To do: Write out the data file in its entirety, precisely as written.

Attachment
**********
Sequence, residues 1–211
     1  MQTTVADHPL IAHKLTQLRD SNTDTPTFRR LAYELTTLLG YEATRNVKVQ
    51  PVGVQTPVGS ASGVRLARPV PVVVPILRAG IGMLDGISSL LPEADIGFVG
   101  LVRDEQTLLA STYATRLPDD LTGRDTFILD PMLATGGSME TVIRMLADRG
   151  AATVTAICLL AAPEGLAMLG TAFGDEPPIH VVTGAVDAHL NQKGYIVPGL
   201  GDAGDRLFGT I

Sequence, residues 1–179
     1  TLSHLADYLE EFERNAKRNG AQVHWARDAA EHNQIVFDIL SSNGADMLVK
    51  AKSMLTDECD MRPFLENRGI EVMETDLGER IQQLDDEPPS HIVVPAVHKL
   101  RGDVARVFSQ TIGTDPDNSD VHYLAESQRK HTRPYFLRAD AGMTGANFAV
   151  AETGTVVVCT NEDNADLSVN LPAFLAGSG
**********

Sequence, residues 1–211
     1  MQTTVADHPL IAHKLTQLRD SNTDTPTFRR LAYELTTLLG YEATRNVKVQ
    51  PVGVQTPVGS ASGVRLARPV PVVVPILRAG IGMLDGISSL LPEADIGFVG
   101  LVRDEQTLLA STYATRLPDD LTGRDTFILD PMLATGGSME TVIRMLADRG
   151  AATVTAICLL AAPEGLAMLG TAFGDEPPIH VVTGAVDAHL NQKGYIVPGL
   201  GDAGDRLFGT I

Sequence, residues 1–179
     1  TLSHLADYLE EFERNAKRNG AQVHWARDAA EHNQIVFDIL SSNGADMLVK
    51  AKSMLTDECD MRPFLENRGI EVMETDLGER IQQLDDEPPS HIVVPAVHKL
   101  RGDVARVFSQ TIGTDPDNSD VHYLAESQRK HTRPYFLRAD AGMTGANFAV
   151  AETGTVVVCT NEDNADLSVN LPAFLAGSG